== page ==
Standard Oil Company v. City of Gadsden, 263 F. Supp. 502 (N.D. Ala. 1967)

US District Court for the Northern District of Alabama - 263 F. Supp. 502 (N.D. Ala. 1967)
January 25, 1967

263 F. Supp. 502 (1967)

STANDARD OIL COMPANY, a corporation, Plaintiff,
v.
CITY OF GADSDEN, a municipal corporation in the State of Alabama, and Z. E. Wright as Chief of the Fire Department of Gadsden, Alabama, Defendants.

Civ. A. No. 66-419.

United States District Court N. D. Alabama, M. D.

January 25, 1967.

*503 Bradley, Arant, Rose & White, Birmingham, Ala., and Clarence Simmons, Jr., Gadsden, Ala., for plaintiff.

Roy D. McCord and Bill Bradley, Gadsden, Ala., for defendants.

GROOMS, District Judge.

This is an action for a declaration that a certain ordinance of the City of Gadsden, Alabama, is unconstitutional and for a permanent injunction against its enforcement.

Since July, 1959, the plaintiff, Standard Oil Company, has owned and operated a retail service station at 1900 Rainbow Drive, within the police jurisdiction of the City of Gadsden. The facilities at this station for storage of gasoline are presently three 1,000 gallon underground tanks. Desiring to remodel the station and to increase the capacity of its underground storage facilities, plaintiff applied on March 9, 1966, to the fire department of the City for permission to install underground tanks at the station as follows: one 2,000 gallon tank, two 3,000 gallon tanks, and one 4,000 gallon tank.

The plaintiff's application was denied because the provisions of Section 4 of the City's Ordinance No. 1715. Ordinance No. 1715 was adopted on May 8, 1952. The preliminary portion of the ordinance states that its purpose is to amend the corresponding section of Ordinance No. 1702, which is a comprehensive ordinance regulating the storage, distribution, transportation and delivery of flammable liquids, which has been in force since December 12, 1950. The pertinent portion of Ordinance 1715 is as follows:

 
It shall be unlawful for any person, firm or corporation, or for the agent, servant or employee of any person, firm or corporation, to install underground at any location where gasoline, naptha or other liquid motor fuel or any substitute therefor, is stored within the corporate limits or the police jurisdiction of the City of Gadsden any tank for the storage of gasoline, naptha or other liquid motor fuel or any substitute therefor, having a capacity in excess of 20 barrels.
 
It shall be unlawful for any person, firm or corporation, or for the agent, servant or employee of any person, firm or corporation, to install underground at any location where gasoline, naptha or other liquid motor fuel or substitute therefor, is stored within the corporate limits or police jurisdiction of the City of Gadsden more than 3 tanks for the storage of gasoline, naptha or other liquid motor fuel or any substitute therefor, when the aggregate storage capacity is more than 60 barrels; and when any such tank or tanks are so installed, each such tank shall be maintained as a separate storage unit and shall not be connected in any manner with any other such tank or tanks so as to permit the flow of such gasoline, naptha or other liquid motor fuel by gravity or force from one such tank to the other.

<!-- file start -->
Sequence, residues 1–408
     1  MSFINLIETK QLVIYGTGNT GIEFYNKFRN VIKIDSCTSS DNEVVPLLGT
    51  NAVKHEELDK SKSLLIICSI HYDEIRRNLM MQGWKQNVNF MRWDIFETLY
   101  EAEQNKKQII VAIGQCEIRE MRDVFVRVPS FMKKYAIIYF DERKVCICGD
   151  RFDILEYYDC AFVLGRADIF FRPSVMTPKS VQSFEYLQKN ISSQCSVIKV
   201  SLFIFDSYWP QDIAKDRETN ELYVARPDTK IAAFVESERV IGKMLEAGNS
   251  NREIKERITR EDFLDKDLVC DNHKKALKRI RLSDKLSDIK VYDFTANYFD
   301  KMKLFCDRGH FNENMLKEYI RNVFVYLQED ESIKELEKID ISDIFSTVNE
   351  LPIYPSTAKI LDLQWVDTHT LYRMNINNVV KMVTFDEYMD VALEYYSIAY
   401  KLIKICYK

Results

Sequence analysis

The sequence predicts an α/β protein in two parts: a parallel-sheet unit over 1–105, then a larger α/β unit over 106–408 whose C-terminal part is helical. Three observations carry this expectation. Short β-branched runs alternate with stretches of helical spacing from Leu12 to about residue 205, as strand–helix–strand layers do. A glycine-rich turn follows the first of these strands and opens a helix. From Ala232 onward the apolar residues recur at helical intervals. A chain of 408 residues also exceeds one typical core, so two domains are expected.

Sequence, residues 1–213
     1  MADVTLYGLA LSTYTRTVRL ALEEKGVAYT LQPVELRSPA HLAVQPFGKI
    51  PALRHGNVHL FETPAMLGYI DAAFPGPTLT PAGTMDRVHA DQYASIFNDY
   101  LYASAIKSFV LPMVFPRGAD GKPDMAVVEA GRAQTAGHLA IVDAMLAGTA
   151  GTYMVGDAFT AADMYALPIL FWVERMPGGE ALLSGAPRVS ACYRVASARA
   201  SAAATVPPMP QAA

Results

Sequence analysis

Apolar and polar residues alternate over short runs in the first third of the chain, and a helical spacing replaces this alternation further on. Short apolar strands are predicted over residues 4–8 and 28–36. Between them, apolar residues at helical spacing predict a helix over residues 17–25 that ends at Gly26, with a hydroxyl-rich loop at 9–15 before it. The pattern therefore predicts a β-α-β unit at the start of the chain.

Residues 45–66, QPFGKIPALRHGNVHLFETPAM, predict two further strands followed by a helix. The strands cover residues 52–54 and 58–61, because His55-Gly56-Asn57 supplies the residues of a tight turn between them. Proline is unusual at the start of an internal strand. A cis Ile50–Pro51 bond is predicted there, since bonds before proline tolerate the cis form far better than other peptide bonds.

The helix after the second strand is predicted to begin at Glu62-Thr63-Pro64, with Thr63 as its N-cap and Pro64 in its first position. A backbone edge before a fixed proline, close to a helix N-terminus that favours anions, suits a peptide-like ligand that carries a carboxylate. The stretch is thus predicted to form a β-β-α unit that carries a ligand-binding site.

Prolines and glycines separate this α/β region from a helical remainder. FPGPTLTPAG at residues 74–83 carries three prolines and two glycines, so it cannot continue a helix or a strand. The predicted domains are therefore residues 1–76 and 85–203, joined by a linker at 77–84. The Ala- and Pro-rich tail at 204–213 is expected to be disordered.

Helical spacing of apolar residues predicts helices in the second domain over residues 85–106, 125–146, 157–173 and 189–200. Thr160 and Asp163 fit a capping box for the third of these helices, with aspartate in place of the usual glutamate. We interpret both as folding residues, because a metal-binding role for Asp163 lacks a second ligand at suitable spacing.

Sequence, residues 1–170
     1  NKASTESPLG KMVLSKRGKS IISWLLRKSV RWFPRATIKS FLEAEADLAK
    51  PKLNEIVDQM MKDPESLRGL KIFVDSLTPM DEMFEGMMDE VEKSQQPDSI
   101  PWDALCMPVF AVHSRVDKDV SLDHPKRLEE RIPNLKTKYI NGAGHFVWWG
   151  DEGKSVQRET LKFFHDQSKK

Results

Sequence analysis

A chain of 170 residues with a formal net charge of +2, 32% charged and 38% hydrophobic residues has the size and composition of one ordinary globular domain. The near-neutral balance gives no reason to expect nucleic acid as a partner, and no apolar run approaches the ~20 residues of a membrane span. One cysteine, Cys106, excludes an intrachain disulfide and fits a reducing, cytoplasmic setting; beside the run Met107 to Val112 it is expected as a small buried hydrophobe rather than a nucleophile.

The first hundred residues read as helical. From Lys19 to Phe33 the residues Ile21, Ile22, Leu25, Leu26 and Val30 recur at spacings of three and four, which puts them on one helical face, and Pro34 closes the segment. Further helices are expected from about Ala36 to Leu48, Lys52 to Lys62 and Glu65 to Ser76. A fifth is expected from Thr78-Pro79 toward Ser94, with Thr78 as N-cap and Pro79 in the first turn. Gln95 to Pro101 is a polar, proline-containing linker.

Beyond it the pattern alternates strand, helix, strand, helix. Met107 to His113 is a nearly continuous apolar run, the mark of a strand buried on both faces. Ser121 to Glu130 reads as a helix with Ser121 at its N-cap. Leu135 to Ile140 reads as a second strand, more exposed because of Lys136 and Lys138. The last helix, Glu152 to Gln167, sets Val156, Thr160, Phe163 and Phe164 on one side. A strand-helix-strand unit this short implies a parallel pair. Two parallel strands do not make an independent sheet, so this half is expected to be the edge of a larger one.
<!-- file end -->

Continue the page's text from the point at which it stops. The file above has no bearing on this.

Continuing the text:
By agreement of the parties, portions of the evidence in this case have been received by a stipulation and by an affidavit of plaintiff's operations manager for the state of Alabama. According to plaintiff's operations manager, gasoline sales volume at the station is such that, with the present storage facilities, it is necessary to deliver gasoline to the station an average of three times per week. The proposed storage facilities would permit gasoline deliveries to be made at the station approximately three times per month. This reduction in delivery requirements will produce savings of drivers' time, mileage and utilization of equipment, resulting in cost savings to the plaintiff of approximately $800 per year at the 1900 Rainbow Drive Station alone. In addition to this station, plaintiff owns five other retail service stations within the city limits and police jurisdiction of Gadsden, all of which are *504 subject to the restrictions imposed by Ordinance No. 1715. At two of these stations deliveries are being made an average of three times per week and at three of these stations deliveries are being made an average of two times per week. With larger storage facilities, gasoline deliveries at these stations could be reduced to three times per month and two times per month, respectively, resulting in additional cost savings to the plaintiff of approximately $3,000 per year.

Although the terms of Ordinance No. 1715 do not limit its application to any particular type of location, the stipulation filed by the parties and the exhibits attached thereto show that, in practice, the restrictions on the size and number of underground storage tanks have only been applied to retail service stations and, since Ordinance No. 1715 was passed, at least twelve permits have been issued for the installation of underground storage tanks with capacities up to 10,000 gallons. All these permits were issued for non-retail locations such as the premises of businesses operating a fleet of motor vehicles.